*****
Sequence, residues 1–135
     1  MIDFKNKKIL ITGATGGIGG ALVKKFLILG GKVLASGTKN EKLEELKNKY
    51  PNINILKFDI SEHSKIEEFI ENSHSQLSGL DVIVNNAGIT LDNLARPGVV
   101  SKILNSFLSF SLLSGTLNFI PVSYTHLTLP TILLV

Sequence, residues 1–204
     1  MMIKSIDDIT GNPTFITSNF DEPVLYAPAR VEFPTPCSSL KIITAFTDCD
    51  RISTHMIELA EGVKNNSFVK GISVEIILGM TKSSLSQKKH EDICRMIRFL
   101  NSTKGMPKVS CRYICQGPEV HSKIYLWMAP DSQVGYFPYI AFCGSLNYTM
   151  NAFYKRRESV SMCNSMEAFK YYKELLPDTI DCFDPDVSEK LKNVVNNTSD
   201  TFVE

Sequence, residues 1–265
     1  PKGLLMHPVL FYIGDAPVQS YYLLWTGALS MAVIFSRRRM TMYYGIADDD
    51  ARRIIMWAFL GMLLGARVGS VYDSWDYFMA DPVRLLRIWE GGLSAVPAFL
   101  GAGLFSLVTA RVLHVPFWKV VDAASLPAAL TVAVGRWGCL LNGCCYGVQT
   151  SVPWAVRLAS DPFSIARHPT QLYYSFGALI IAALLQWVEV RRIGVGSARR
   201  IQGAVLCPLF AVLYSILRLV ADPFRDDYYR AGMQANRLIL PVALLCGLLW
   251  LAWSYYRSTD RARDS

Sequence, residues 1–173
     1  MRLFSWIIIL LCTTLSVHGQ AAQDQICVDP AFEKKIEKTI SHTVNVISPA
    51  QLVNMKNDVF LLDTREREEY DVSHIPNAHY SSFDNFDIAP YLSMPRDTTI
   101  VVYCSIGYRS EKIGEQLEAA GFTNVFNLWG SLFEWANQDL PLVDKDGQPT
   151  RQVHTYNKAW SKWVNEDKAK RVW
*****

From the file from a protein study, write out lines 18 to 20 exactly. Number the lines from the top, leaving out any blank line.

Sequence, residues 1–173
     1  MRLFSWIIIL LCTTLSVHGQ AAQDQICVDP AFEKKIEKTI SHTVNVISPA
    51  QLVNMKNDVF LLDTREREEY DVSHIPNAHY SSFDNFDIAP YLSMPRDTTI